Sept. 16 — Internet service providers and Web companies directly lobbied Federal Communications Commission officials over the past week in an effort to sway the agency's final net neutrality rules, according to recent filings.
Internet firms like Google Inc., Facebook Inc. and reddit Inc. urged FCC Commissioners in face to face meetings to adopt rules that prohibit paid prioritization deals that permit ISPs to charge content companies fees for prioritized data delivery.
ISPs meanwhile sought to persuade FCC officials that reclassifying broadband Internet services under Title II of the Communications Act of 1934 would harm innovation and future deployment of broadband infrastructure.
The meetings took place in the waning days of the comment period for the FCC's Open Internet notice of proposed rulemaking (NPRM) (GN Docket No. 14-28), a proposal to reinstate net neutrality rules. The FCC is now evaluating the more than 3 million comments it has received on the proposal with the goal of implementing new rules before 2015.
Sheryl Sandberg, Facebook's chief operating officer, met with Democratic FCC Commissioner Jessica Rosenworcel to stress the company's opposition to paid prioritization deals. “Facebook has long supported a free and open Internet that is accessible to people around the world, and urged the FCC to adopt enforceable rules against paid prioritization or the creation of Internet fast lanes, so that the Internet remains an open platform for speech and commerce,” the filing said.
Five Facebook executives, led by Vice President of Public Policy Joel Kaplan, separately met with Republican FCC Commissioner Michael O'Rielly and urged him to support rules that prohibit paid prioritization agreements.
Three Google executives, including the company's Senior Legal Counsel Staci Pies, met separately with Rosenworcel to talk about the risks of paid prioritization deals. “Allowing broadband Internet access providers to engage in 'paid prioritization' of particular Internet content could create incentives for providers to maintain scarcity and congestion on their networks, in order to sell services that avoid these artificial conditions,” an ex parte filing said.
Craig Barratt, Google's senior vice president of access and energy, said the company's experience deploying and maintaining fiber networks helped it understand that it's “both workable and economically desirable to manage a broadband network without prioritization and consistent with open Internet principles.” Barratt urged Rosenworcel to support rules that will “preserve, for all types of broadband access networks, the standards of nondiscrimination and no-blocking on which the Internet was built.”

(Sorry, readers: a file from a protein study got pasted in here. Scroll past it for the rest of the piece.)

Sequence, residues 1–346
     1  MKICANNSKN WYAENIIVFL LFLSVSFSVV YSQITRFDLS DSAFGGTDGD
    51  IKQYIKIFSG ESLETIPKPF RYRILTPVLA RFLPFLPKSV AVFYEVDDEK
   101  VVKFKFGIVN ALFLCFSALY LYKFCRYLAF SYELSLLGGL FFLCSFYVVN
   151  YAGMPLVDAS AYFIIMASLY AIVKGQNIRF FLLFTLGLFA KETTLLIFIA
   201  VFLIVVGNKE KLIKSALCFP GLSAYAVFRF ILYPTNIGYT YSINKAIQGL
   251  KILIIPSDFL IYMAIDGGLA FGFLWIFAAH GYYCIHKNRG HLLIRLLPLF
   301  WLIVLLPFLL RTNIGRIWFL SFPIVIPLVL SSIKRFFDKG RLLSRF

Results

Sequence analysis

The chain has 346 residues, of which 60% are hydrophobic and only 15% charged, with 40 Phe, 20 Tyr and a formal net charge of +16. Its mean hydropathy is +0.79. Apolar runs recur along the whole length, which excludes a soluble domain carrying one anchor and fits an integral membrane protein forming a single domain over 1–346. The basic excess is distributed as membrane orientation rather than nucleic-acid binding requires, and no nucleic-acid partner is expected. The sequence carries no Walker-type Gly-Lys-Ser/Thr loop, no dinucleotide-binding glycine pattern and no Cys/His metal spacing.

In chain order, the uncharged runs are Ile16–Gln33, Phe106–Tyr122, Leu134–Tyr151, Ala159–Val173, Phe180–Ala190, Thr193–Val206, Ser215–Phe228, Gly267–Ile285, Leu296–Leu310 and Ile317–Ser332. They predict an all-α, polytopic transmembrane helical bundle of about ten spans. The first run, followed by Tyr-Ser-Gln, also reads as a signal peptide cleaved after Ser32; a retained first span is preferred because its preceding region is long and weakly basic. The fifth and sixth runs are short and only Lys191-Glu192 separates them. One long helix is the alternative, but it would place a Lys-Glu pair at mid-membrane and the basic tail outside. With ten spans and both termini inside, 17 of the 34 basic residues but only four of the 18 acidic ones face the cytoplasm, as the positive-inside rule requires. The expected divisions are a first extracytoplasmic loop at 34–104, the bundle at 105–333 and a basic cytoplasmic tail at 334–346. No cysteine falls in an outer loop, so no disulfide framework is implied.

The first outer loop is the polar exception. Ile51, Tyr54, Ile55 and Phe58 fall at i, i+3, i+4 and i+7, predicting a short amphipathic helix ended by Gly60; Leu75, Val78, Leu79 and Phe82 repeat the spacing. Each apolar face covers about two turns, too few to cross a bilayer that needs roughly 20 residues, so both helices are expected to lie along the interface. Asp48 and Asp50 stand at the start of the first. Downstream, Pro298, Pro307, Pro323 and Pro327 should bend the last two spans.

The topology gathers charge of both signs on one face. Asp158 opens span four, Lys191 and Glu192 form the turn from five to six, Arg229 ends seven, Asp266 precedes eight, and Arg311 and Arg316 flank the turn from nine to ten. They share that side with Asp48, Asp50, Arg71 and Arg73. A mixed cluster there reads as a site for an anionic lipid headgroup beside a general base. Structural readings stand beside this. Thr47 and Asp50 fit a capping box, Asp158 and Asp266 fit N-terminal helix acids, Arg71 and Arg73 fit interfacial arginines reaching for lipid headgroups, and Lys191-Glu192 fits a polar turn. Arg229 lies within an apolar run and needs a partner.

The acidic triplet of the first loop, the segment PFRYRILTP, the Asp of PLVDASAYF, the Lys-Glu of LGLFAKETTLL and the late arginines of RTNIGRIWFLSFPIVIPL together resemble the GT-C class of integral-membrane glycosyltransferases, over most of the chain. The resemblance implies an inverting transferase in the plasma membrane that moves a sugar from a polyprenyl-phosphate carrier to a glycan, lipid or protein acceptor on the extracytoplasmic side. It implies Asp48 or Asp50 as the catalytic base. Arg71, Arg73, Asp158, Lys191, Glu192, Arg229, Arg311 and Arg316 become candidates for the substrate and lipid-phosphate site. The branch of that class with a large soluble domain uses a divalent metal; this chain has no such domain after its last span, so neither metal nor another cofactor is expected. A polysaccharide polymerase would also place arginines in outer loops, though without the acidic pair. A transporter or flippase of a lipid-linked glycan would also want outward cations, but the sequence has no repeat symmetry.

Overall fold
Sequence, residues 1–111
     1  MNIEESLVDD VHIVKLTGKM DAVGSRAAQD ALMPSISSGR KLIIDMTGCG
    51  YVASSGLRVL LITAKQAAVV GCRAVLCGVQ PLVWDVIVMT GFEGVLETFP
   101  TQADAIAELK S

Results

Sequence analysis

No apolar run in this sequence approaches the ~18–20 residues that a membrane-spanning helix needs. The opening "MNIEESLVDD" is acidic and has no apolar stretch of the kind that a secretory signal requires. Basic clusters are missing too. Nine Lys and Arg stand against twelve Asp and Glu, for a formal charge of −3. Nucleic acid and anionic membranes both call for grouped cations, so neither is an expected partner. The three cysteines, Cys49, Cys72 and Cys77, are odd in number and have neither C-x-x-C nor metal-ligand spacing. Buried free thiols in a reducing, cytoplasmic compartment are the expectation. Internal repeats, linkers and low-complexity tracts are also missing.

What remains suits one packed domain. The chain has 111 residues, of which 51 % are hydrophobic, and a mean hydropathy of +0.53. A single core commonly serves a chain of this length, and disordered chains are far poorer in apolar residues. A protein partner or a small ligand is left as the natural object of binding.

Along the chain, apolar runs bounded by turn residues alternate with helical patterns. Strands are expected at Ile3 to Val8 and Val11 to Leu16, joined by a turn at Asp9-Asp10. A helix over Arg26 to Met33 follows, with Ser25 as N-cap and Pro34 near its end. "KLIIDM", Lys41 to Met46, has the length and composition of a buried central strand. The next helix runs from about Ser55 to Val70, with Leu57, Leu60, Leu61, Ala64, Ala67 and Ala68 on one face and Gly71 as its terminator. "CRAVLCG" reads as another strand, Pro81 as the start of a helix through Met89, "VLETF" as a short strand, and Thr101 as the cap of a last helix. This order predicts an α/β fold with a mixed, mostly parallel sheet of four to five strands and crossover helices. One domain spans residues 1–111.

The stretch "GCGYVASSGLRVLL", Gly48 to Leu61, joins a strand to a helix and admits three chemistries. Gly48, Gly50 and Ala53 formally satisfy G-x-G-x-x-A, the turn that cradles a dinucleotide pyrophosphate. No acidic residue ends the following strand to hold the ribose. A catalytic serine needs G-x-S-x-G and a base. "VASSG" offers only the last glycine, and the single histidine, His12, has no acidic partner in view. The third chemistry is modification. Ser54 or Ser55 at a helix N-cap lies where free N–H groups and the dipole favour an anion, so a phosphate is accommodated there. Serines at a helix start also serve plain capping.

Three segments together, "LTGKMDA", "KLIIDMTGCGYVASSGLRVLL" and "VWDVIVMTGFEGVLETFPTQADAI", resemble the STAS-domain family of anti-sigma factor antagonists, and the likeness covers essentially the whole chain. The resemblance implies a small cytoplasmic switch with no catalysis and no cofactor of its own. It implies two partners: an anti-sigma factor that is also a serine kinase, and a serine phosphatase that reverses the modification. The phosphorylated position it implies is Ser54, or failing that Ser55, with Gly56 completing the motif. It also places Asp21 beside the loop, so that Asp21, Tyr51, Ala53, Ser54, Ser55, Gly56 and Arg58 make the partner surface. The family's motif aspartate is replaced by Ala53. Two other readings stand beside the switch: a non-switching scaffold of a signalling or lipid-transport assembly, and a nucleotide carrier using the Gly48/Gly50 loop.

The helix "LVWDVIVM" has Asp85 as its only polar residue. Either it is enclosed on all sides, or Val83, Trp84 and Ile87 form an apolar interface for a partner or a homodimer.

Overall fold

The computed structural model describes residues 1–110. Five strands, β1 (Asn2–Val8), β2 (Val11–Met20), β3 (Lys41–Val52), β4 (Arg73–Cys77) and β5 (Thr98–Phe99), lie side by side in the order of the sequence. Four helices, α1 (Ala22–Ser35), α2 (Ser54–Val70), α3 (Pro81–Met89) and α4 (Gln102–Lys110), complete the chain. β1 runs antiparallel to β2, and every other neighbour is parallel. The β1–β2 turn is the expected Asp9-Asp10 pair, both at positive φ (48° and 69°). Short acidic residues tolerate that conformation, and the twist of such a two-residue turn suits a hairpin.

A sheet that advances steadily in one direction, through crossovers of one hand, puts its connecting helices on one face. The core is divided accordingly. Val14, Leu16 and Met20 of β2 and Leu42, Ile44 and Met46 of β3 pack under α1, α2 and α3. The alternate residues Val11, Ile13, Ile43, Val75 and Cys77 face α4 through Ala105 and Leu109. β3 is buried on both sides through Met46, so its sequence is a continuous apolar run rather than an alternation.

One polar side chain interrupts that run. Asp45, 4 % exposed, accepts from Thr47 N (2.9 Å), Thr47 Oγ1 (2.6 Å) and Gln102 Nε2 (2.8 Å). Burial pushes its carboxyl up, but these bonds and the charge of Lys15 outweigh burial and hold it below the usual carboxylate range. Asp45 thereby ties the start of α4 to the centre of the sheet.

Ismail Jadun, the international community manager for reddit, told Rosenworcel during a meeting at the company's headquarters that its existence would be threatened if the FCC's current proposal were adopted. “The enormous collection of communities and immense cultural impact of the reddit platform would likely not exist without the de facto net neutrality in place in the last decade and would be threatened by the FCC's Section 706 proposal,” the filing said.
Sally Fineday, the business manager of the Leech Lake Telecommunications Company LLC, told Geoffrey Blackwell, the chief of the FCC's office of native affairs and policy, that paid prioritization deals would harm the company's ability to compete with larger firms, according to an ex parte filing.
Comcast Corp. Senior Vice President of Regulatory and State Legislative Affairs Lynn Charytan met with FCC General Counsel Jon Sallett and officials from the wireline bureau to discuss the potential harms that Title II reclassification could have on the broadband marketplace. “Title II reclassification, apart from the many other harms it would impose on the broadband ecosystem, would not authorize more stringent restrictions on paid prioritization than the type of presumption available under Section 706,” the ex parte filing said.
Reclassification of broadband services under Title II of the Communications Act would give the FCC the express and expansive authority to regulate ISPs as common carriers. Broadband Internet services currently are categorized under Title I of the Communications Act as "information services" that are subject to less stringent regulations.
Charytan separately urged Nick Degani, the wireline legal advisor to FCC Commissioner Ajit Pai, to avoid Title II reclassification and adhere to the D.C. Circuit Court's guidance in Verizon v. FCC.
Mike Montgomery, the executive director of CALinnovates, a technology advocacy group, met with Rosenworcel and her staff to warn against Title II reclassification. The commission should take steps to clarify that its commercially unreasonable prioritization standard does not “entrench incumbent edge providers at the expense of fair compensation,” the filing said.
AT&T Inc. Senior Executive Vice President Jim Cicconi told Sallett and Ruth Milkman, the chief of staff to FCC Chairman Tom Wheeler, that the commission should permit user-directed paid prioritization.
Such a proposal could allow consumers to ask their ISPs to prioritize the delivery of certain Internet content services, such as Netflix Inc., over others.
Cicconi said the NPRM's proposed “commercial reasonableness” standard would be sufficient to govern arrangements between ISPs and Internet content providers, the ex parte filing said. “Such an approach would preserve the ability of Internet service providers to engage in individualized negotiations with edge providers for a host of services, while prohibiting the precise practice that has raised ‘fast lane' concerns,” the filing said.
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